Normally an Orthodox Church is divided into three distinct parts: narthex (entry way); nave (main body); and Altar. The narthex symbolizes the created world, made and blessed by God in the beginning as "very good," but now fallen and alienated from the Source of Life. The nave constitutes the Church Herself, the Mystical Body of Christ made up of Her members both past, present, and yet to come. The Altar area, joined to the nave by an icon screen (iconostasis ) shows the Kingdom of God - the Kingdom "to come," but in Christ and the Church a Reality already accessible to the faithful. the west-to-east axis of the church building constitutes the progression of all Christian life: World → Church → Kingdom. Across the iconostasis there is also, on the north-to-south axis, another theme. The central, or "Royal" doors, lead from the nave to the Altar Table, the Throne of God. On the left (northern) side of these doors is an icon of the Incarnation, the first coming of Christ as a Child born of the Virgin Mary. On the right side of the Doors is an icon of Christ as He will appear on the "Last Day," in glory. It is here between the first and second comings of Christ that the Church gathers and meets Him Who promised to be with us always. In front of the Royal Doors the faithful receive the Eucharist, partake of the Messianic Banquet to come even here and now, and are united to Christ. Before the Doors the two axes intersect - the world, Church, and Kingdom to come encounter the Lord Jesus Christ Who came, IS, and will come again.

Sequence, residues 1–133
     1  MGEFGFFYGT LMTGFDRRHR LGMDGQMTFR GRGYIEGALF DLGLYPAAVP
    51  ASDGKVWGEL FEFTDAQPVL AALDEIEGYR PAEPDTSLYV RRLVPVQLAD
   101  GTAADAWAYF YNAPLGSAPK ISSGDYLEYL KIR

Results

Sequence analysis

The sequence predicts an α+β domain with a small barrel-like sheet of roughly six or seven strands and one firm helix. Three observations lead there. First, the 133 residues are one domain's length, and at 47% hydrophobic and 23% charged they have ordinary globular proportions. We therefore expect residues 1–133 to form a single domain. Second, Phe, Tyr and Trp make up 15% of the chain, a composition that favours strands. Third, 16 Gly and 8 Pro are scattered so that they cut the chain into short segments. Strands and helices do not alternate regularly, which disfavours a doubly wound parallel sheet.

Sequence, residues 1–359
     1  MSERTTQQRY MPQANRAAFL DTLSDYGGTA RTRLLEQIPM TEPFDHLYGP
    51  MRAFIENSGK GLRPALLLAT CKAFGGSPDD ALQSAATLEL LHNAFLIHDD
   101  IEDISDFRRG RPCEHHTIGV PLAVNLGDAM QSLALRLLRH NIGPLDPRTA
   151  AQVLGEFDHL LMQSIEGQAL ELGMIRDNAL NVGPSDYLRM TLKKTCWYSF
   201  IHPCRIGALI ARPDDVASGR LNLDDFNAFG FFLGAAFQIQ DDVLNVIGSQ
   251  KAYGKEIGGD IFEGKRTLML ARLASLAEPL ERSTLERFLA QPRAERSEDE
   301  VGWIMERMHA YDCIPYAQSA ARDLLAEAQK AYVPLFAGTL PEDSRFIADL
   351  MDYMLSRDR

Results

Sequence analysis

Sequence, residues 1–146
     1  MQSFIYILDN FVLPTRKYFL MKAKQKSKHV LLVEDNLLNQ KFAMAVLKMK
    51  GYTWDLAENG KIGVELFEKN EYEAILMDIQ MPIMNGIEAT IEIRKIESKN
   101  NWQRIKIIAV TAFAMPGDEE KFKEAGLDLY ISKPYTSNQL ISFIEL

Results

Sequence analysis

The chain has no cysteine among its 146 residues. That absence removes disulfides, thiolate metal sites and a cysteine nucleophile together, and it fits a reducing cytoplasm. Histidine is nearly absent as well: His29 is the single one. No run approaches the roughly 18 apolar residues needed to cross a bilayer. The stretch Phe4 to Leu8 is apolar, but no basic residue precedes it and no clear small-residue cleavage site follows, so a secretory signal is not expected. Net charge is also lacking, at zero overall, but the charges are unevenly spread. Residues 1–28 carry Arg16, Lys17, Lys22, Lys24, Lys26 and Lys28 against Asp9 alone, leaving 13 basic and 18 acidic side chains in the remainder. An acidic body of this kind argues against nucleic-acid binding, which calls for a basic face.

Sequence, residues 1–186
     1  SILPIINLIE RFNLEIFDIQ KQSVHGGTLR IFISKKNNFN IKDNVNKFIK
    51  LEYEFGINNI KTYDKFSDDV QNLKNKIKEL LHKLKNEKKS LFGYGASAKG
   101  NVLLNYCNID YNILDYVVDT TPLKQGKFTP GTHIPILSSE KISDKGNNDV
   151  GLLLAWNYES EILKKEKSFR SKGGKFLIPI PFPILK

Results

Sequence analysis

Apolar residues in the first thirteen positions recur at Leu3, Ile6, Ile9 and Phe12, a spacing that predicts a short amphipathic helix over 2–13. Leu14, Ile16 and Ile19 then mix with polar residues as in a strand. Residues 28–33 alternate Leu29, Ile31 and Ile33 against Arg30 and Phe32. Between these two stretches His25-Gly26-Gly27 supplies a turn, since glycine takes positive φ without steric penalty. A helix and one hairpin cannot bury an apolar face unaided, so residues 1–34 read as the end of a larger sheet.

Icons (Greek: image) on the walls of the church depict scenes from the Holy Gospel, Sacred Church history, or Saints. Icons are also placed on stands in the church for veneration by the faithful. Icons are not merely decorative art. They are neither subjective nor sentimental, but a window into the spiritual world. Veneration is not to the paint or wood of an icon but to that other world from which shines Christ Himself, the "light that lightens every man that comes into the world" (John 1).